Met Requests For Oyster Data At Record Levels

By BethPH Last edited 104 months ago
Met Requests For Oyster Data At Record Levels

The number of requests from the Metropolitan Police for Oyster data have reached new highs this year, according to the Green Party. As any good tinfoil-hatter knows, this data can be used to track an individual’s movements and while it’s great for catching criminals and those seemingly omnipresent terrorists, concerns have been raised over the passing of sensitive data.

Of course, TfL are not automatically obliged to comply with a request, in fact they rejected about one in eight of them in 2010 which was less than last year’s 918 and still less than 1279 the previous year. The concerns over this data are twofold: firstly that spending cuts will lead to TfL not having enough resources to deal with the volume of requests and secondly that safeguards designed to protect sensitive data are not properly enforced - the Green Party’s Noel Lynch said: ‘There is clearly a risk that TfL could be overwhelmed with requests or otherwise pressured into handing over personal data without sufficient checks.’ There doesn’t appear to be any suggestion that this is already happening and TfL have been quick to offer assurance that ‘strict rules and procedures’ are in place and requests are handled in accordance with the Data Protection Act. The Met say that the rise in requests merely reflects the increase in Oyster usage and that each request relates to a specific line of investigation.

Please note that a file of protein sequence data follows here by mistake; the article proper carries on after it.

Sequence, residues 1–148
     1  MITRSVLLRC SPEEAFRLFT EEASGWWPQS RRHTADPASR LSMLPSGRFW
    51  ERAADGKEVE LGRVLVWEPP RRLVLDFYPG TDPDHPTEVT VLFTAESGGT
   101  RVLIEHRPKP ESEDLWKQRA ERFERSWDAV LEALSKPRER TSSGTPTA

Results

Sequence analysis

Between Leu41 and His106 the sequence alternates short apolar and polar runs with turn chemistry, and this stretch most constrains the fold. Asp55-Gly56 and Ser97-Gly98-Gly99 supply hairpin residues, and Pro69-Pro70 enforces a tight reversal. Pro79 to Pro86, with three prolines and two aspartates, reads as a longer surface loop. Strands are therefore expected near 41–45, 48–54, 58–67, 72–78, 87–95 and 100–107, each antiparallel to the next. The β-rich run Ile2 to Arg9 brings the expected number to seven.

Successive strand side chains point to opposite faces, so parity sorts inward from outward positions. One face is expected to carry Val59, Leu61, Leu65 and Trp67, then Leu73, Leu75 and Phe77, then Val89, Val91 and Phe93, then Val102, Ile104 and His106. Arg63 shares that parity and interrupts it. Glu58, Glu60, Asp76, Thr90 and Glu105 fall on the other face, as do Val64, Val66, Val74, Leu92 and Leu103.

In 2008, data privacy watchdogs the Office of the Information Commissioner (OIC), were involved in discussions with the government over a request from the security services for access to Oyster data, provoking fears that US-style data mining could be used to track terror suspects. We doubt the police are trying to gain Spookesque levels of database access and TfL’s website states ‘We reject about five to 10 percent of requests each month because the police do not provide acceptable levels of detail or, we deem the requests excessive.’ Which on the one hand is reassuring, but also makes one wonder what the definitions of ‘acceptable’ and ‘excessive’ actually are.

In the meantime, criminals and terror suspects should use cash to get around London and avoid looking suspicious on the tube.

Photo by Adam NFK Smith.

Last Updated 09 December 2010